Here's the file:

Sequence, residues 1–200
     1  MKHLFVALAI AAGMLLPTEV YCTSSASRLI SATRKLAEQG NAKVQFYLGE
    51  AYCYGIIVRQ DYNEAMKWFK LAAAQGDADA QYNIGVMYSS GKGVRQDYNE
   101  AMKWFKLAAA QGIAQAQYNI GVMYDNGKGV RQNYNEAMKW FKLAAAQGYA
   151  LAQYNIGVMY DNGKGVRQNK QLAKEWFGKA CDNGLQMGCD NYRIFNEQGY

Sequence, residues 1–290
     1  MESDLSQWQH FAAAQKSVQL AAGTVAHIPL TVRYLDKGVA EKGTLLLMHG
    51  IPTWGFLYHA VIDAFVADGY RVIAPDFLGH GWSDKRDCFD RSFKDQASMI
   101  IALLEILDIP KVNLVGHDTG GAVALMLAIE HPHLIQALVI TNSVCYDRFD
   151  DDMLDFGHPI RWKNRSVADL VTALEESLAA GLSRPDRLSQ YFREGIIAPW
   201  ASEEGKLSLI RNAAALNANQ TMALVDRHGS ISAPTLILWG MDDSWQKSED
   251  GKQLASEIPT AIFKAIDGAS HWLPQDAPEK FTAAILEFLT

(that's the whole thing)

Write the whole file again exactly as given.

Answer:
Sequence, residues 1–200
     1  MKHLFVALAI AAGMLLPTEV YCTSSASRLI SATRKLAEQG NAKVQFYLGE
    51  AYCYGIIVRQ DYNEAMKWFK LAAAQGDADA QYNIGVMYSS GKGVRQDYNE
   101  AMKWFKLAAA QGIAQAQYNI GVMYDNGKGV RQNYNEAMKW FKLAAAQGYA
   151  LAQYNIGVMY DNGKGVRQNK QLAKEWFGKA CDNGLQMGCD NYRIFNEQGY

Sequence, residues 1–290
     1  MESDLSQWQH FAAAQKSVQL AAGTVAHIPL TVRYLDKGVA EKGTLLLMHG
    51  IPTWGFLYHA VIDAFVADGY RVIAPDFLGH GWSDKRDCFD RSFKDQASMI
   101  IALLEILDIP KVNLVGHDTG GAVALMLAIE HPHLIQALVI TNSVCYDRFD
   151  DDMLDFGHPI RWKNRSVADL VTALEESLAA GLSRPDRLSQ YFREGIIAPW
   201  ASEEGKLSLI RNAAALNANQ TMALVDRHGS ISAPTLILWG MDDSWQKSED
   251  GKQLASEIPT AIFKAIDGAS HWLPQDAPEK FTAAILEFLT